We were glad to being the day quite late in the morning.

Allan’s photo, too early!

By the time we started work, we had a calm, not windy, and not too cold day to begin the spring clean up of the Howerton Avenue curbside gardens and the port office garden.

across from the port office

the little dog who lives on the Rum Runner

Iris reticulata ‘Eye Catcher’ in the port office garden

Howerton by Port Office, before (Allan’s photo)

Allan’s photo

Allan’s photo

Allan hurt his ho-mi.

before

after trimming lavenders (Allan’s photo)

The “drive over garden”:

before

and after, with santolina trimmed

I got Allan to tackle this mugo pine, which is too big and I think will be removed this year.

before

before (Allan’s photos)

and after

Some new signage at the Ilwaco pavilion:

The bed by the pavilion, from which we had had some large shrubs removed last fall, had responded with lots of little weeds.  It’s tedious to weed big bare areas that don’t have cool plants filled in yet.

before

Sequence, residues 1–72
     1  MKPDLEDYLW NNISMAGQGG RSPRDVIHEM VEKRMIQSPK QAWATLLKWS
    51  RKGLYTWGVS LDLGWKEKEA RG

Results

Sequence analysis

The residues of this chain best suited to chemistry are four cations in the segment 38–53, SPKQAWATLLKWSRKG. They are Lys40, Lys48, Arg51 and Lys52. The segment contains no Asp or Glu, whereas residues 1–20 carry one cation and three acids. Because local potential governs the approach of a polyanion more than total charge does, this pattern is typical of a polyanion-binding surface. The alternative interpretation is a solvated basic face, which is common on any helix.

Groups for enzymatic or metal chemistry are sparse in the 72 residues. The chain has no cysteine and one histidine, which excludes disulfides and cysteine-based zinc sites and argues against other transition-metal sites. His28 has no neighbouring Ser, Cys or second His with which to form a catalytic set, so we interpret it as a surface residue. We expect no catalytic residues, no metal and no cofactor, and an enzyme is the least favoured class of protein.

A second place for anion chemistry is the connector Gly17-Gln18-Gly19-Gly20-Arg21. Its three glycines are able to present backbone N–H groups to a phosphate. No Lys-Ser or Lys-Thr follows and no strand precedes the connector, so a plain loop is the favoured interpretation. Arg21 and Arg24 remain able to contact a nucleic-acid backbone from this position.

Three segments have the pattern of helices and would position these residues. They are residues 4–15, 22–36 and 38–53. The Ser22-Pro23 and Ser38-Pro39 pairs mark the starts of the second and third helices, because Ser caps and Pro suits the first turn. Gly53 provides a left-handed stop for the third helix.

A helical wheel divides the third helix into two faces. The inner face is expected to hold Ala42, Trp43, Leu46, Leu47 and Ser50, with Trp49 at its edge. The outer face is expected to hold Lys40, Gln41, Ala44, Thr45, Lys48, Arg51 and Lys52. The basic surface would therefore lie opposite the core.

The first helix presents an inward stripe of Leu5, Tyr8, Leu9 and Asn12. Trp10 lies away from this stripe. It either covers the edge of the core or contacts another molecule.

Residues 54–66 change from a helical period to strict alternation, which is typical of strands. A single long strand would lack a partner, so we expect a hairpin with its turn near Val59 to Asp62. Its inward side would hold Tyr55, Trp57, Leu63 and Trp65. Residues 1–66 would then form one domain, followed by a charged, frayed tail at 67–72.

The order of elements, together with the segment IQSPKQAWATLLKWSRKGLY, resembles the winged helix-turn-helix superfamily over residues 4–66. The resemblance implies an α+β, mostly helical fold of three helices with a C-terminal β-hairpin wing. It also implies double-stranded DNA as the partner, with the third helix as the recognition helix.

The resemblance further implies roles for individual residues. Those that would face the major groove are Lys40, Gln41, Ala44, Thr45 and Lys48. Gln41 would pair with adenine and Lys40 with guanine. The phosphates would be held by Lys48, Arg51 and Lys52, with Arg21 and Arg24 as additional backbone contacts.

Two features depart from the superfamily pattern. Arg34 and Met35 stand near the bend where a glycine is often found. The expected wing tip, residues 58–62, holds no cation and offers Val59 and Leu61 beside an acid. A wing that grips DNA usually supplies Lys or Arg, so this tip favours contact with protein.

after

I am 99% percent sure that the two stumps of wax myrtle will revive and can then be kept low.

I got to meet the owner of this truck, which I’ve admired parked in Long Beach.  She says it has been officially tested to be sturdy and roadworthy.

We planted some Sedum ‘Autumn Joy’ in the CoHo Charters lava rock bed.

Allan’s photo

I am going to get some white heathers, just three (or one!) to match up with the white heathers at the other end.  I had told CoHo Charters’ Captain Butch that I just could no longer stand the boredom of weeding plain lava rock.  So I have permission to make it more interesting.

Finally, we tidied up the bed by the old Wade Gallery, which is soon going to be occupied by David Jensen’s architecture firm.

before (Allan’s photos)

and after

Allan got some photos of a view in a city employees area at the east end of the port.

Wednesday, 14 February 2018

We planted a few starts of Solidago ‘Fireworks’ at the boatyard garden.

Allan’s photo

We’ll be back to this garden before long to trim the santolinas.